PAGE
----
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Autum Statement 2022

On 17th November we had Jeremy Hunt’s first autumn statement. After the infamous ‘mini budget’ delivered by Liz Truss and Kwasi Kwarteng, this was a very different offering.

The backdrop for this autumn statement is inflation sitting at a 40 year high, and predictions of a prolonged recession. There was a need to deliver confidence to the markets through proof that government could deliver higher tax and lower spending to combat the budget deficit.

The main points are…

Income Tax

There were various freezes of Income Tax limits. This includes the personal allowance, income tax and national insurance thresholds. This means, as income increases, people have more chance of drifting into higher tax brackets.

At the same time, the chancellor reduced the level at which additional rate tax (45%) kicks in from £150,000 to £125,140 from April 2023. This will mean additional tax of just over £1,200 per annum for anyone earning over £150,000.

There is also a hit to small business owners and those who receive their income via dividends. The dividend allowance is being cut from £2,000 per annum to £1,000 per annum from April 2023. It will then be cut again to £500 per annum from April 2024. This (alongside corporation tax changes) brings the tax efficient extraction of profit even higher up the priority list for small and medium business owners.

Capital Gains Tax (CGT)

The capital gains allowance will reduce from £12,600 to £6,000 from April 2023; then to £3,000 from April 2024.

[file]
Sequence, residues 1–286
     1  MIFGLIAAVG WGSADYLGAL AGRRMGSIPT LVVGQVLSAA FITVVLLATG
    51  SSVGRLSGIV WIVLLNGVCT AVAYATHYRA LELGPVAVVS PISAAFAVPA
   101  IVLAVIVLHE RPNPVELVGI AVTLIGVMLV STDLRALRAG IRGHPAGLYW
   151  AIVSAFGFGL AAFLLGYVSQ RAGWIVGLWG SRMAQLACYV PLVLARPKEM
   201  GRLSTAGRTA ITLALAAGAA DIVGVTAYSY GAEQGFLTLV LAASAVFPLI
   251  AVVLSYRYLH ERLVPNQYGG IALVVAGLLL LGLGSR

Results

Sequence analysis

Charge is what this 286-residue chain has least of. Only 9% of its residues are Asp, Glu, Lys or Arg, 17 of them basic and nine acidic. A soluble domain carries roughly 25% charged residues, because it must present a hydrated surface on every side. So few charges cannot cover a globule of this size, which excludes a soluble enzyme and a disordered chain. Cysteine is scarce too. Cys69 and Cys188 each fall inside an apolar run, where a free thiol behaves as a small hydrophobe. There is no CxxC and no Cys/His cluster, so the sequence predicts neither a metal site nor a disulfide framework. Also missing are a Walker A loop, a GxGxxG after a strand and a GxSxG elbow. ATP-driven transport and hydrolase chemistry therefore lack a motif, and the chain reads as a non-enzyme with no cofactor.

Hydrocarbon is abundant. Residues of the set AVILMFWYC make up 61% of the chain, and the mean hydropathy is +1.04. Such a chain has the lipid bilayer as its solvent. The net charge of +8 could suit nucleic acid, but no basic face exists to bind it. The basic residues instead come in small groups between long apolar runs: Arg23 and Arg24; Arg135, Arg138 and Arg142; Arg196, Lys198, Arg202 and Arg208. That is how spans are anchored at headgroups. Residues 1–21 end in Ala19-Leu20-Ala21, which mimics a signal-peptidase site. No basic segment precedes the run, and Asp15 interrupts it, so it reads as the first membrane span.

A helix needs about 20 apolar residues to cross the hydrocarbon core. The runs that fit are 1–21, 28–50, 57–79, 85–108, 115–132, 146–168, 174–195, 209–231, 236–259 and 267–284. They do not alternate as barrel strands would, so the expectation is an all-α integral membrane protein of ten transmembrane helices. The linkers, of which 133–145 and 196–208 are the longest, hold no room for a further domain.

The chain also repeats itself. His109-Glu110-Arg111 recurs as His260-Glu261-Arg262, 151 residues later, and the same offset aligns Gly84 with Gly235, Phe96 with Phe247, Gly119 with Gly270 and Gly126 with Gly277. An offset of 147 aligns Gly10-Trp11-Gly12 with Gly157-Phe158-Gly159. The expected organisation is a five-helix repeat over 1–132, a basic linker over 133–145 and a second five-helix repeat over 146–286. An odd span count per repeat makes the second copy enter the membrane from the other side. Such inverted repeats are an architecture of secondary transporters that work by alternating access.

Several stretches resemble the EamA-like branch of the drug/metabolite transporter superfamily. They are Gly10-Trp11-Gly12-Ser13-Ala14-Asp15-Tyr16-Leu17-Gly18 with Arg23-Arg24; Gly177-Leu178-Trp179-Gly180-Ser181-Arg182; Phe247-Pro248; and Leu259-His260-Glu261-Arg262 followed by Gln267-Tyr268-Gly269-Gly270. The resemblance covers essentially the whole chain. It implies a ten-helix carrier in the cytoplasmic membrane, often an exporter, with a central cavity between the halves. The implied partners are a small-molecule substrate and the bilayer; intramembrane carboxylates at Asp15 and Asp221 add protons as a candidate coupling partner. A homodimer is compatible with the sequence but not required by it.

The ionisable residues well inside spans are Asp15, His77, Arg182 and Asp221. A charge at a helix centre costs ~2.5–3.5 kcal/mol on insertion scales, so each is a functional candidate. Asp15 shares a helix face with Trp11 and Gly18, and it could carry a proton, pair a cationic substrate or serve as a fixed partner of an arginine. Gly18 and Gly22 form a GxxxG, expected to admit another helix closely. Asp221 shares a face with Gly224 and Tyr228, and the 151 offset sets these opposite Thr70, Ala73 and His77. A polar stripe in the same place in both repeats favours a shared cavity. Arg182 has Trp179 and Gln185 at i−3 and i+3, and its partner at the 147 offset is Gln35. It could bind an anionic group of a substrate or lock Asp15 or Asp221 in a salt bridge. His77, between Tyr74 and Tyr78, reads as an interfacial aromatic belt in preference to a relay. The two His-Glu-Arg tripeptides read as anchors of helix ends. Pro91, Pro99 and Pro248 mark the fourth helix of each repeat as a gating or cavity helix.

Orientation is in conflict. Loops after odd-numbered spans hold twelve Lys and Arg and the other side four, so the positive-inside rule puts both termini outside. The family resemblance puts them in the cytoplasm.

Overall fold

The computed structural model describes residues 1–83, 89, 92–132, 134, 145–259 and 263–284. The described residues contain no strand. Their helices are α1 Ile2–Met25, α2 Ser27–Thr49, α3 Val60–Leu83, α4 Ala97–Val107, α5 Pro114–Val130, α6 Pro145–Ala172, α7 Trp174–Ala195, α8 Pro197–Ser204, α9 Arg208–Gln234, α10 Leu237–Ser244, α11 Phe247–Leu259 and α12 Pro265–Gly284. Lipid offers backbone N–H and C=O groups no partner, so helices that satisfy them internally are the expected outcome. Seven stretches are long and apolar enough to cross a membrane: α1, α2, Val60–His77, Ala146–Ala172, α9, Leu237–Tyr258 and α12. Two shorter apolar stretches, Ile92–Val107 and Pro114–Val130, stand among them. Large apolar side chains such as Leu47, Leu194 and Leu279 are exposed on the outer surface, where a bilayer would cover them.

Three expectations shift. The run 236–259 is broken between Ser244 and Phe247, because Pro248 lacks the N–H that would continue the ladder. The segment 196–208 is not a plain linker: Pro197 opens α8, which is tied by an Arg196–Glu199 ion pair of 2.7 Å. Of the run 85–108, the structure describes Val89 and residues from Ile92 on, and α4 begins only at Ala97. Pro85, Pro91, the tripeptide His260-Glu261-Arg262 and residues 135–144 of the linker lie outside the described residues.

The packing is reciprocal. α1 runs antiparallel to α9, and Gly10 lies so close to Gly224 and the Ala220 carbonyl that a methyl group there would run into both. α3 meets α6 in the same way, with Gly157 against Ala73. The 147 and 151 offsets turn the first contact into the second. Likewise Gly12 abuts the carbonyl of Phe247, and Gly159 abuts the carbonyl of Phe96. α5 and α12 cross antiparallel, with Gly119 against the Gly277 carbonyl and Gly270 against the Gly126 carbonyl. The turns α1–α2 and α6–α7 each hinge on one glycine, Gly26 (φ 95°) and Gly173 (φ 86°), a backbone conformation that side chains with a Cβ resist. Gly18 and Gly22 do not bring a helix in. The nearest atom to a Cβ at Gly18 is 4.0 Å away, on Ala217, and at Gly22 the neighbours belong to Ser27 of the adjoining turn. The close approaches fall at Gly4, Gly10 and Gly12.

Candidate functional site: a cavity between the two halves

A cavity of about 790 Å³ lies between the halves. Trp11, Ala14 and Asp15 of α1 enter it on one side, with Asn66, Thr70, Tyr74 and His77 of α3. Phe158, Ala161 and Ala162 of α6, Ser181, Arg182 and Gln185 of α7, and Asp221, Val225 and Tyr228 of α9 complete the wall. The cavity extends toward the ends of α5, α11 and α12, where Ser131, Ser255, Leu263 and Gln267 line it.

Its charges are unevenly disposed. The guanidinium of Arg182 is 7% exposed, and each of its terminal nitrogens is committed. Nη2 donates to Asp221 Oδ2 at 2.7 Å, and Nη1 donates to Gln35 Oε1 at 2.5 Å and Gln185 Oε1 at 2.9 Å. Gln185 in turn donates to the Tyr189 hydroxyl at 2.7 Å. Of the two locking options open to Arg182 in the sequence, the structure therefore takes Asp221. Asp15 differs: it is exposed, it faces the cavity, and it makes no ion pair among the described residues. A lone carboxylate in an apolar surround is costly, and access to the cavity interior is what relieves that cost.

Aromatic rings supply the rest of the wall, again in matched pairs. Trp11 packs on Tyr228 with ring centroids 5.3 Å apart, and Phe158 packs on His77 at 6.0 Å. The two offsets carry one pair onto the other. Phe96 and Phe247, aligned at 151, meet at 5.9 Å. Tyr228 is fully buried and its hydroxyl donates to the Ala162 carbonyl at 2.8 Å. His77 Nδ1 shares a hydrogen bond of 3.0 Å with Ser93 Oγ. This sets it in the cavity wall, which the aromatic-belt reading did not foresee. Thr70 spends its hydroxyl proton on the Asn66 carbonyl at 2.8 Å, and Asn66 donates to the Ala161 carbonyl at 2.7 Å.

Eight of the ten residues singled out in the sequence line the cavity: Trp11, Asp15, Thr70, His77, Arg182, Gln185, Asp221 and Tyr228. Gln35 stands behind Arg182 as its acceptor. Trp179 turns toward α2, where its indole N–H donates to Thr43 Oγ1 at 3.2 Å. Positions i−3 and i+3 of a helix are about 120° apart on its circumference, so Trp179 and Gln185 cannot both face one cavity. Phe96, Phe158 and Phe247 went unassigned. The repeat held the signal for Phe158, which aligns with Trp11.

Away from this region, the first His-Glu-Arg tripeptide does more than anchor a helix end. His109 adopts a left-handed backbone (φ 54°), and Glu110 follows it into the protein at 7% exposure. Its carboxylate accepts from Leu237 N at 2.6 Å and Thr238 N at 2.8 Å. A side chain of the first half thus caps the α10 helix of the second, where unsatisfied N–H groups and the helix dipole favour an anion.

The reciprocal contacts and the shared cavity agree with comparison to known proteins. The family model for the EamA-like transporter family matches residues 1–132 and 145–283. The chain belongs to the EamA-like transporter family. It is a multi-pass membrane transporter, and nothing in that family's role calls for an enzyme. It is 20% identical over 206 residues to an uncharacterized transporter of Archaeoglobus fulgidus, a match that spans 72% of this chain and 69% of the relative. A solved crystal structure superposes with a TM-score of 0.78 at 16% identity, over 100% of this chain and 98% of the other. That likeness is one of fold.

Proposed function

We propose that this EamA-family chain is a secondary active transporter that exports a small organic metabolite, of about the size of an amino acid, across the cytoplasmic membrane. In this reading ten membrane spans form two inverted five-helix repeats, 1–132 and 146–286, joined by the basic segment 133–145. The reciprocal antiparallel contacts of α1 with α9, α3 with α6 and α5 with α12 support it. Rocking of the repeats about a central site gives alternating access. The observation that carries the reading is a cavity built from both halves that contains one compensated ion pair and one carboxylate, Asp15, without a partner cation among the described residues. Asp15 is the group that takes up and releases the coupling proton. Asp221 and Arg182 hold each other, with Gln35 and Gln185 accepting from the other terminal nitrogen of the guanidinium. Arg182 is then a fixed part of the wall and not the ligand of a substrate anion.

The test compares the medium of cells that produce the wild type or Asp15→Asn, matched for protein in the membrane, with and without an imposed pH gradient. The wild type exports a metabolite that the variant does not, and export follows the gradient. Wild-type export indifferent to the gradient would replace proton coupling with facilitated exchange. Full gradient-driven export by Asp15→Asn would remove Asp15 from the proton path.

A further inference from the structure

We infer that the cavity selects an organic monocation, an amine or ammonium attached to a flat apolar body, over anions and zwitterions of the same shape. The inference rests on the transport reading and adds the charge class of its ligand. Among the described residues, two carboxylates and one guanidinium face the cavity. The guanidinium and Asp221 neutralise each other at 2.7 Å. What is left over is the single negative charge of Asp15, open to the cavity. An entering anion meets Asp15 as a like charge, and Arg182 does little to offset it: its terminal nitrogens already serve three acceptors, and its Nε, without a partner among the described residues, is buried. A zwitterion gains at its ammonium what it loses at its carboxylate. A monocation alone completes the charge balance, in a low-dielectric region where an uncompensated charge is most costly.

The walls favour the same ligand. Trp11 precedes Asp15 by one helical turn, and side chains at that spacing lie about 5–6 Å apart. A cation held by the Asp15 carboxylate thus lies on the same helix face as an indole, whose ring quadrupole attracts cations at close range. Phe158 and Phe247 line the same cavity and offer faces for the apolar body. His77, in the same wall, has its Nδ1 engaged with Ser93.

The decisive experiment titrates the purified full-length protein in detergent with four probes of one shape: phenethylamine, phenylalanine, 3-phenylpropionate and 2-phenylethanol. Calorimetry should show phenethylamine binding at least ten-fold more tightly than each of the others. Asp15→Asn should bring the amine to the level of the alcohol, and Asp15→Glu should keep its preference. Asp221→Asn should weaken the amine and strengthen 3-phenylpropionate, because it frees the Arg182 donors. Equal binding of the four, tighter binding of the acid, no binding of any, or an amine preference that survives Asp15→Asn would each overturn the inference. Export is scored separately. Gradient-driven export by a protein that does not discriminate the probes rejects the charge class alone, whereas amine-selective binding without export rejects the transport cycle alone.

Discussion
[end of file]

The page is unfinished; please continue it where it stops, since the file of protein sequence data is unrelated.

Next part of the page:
This has implications for anyone looking to dispose of investments and/or property.

Inheritance Tax (IHT)

The IHT nil rate band will remain at £325,000 until April 2028. This will mean that more estates will become taxable, assuming property and investment values continue to grow.

Lifetime Allowance Tax (LTA)

Again, this is frozen until April 2027 at £1,073,100.

This will mean more pensions are likely to be caught by this tax as assets grow and defined benefit schemes escalate. This is especially dangerous for those with large defined benefits schemes as these will tend to increase quicker with high inflation (depending on their escalation rates).

Stamp Duty Land Tax (SDLT)

The SDLT cuts announced on 23 September 2022 by Kwasi, are now temporary and will only last until April 2025. At this point they will revert to the previous levels.

State Pension & Benefits

Finally some good news! The government are increasing benefits in line with inflation. This means the state pension will be increased by 10.1% from April 2023.

They also announced a review of state pension age due in early 2023. Watch this space for potential changes again!

Other bits

Energy Price Guarantee
Average energy bills will be capped at £2,500 until April 2023. From April 2023 until April 2024, this cap will increase to £3,000.

Energy profits levy
Until the end of March 2028, oil and gas companies will pay a windfall tax of 35% on profits.

Electric cars
From April 2025, electric vehicles will pay vehicle excise duty in the same way as petrol and diesel cars.

National living wage
The national living wage will rise to £10.42 per hour from April 2023.

Corporation tax

As confirmed in previous statements, the main rate of corporation tax will be rising to 25% from April 2023.


All in all, this feels like an attempt to ‘balance the books’. We appear to have had a perfect storm of Covid, war in Ukraine, high inflation and some poor decisions that have damaged the public finances. This statement is an attempt to restore confidence and move public finances in the right direction. Time will tell if it works.

We will be working with our clients to establish how best to navigate the changes. If you aren’t a client, please get in contact if this is something you are interested in.